My mother-in-law has a friend in Ireland who thinks it’s interesting we call it “quarantine” in the states; she says they call it “cocoon,” which is cozier, according to my MIL, and I think more optimistic—a promise of things to come.
I don’t look at our current situation through doe-eyes: this is terribly sad, disappointing, and scary for so many of us. Considering ourselves cocooning, though, opens the possibility of renewal, that we may emerge a little more colorfully. And in the meantime, if we are lucky, we are wrapped comfortably at home, perhaps with immediate family in tow.
From my cocoon: I’ve learned that I don’t miss taking multiple trips to multiple food stores; and that even in the most dire of circumstances, there are some tasks, like organizing photos, that I just will not complete. I’ve seen one daughter take control of her day, creating routine, and another free-styling her free time. When cocooned, my husband paints kitchen walls white and I attempt to write a middle-grade novel. We work puzzles together. I’ve discovered that agave pales in comparison to my favorite creamer, and while the sound machine on ‘ocean waves’ may be comforting, it’s no replacement for the real deal.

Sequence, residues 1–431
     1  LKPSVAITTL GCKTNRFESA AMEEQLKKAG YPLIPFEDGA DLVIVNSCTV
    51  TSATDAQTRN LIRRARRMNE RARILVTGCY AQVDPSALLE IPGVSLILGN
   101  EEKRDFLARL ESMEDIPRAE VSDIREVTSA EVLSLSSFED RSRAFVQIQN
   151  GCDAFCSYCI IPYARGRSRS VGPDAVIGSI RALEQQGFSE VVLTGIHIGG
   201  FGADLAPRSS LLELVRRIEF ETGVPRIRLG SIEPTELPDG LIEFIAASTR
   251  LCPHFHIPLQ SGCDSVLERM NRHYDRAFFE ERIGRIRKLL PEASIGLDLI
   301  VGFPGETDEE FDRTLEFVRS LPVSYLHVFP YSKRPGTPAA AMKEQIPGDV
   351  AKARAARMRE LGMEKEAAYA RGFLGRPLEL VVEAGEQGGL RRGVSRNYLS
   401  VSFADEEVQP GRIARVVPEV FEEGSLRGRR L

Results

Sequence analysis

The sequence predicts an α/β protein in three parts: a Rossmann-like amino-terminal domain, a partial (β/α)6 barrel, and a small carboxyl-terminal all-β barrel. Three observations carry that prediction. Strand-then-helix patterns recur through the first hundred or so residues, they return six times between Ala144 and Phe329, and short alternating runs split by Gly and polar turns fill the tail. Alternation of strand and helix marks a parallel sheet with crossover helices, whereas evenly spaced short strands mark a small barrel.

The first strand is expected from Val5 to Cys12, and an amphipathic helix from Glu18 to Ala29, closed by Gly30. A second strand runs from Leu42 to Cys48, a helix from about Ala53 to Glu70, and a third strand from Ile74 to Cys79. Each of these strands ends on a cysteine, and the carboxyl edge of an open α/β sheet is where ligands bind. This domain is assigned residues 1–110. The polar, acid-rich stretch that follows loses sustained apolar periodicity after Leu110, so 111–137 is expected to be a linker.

In our neighborhood there’s a three-mile loop, and these days, in 50+ degrees, it’s the Grand Prix. On several of my walks, I’ve seen the same man, scootering. I’ve noticed he stops a lot (I imagine longer than he normally would; that is, if he even scooted at all, pre-cocoon) to admire various blossoming shrubs and trees: the magnolias, the cherries, the forsythias.
Perhaps cocooning will help us rediscover what we’ve known all along. Spring is here, delivering on its annual promise, and still, we get to take it all in.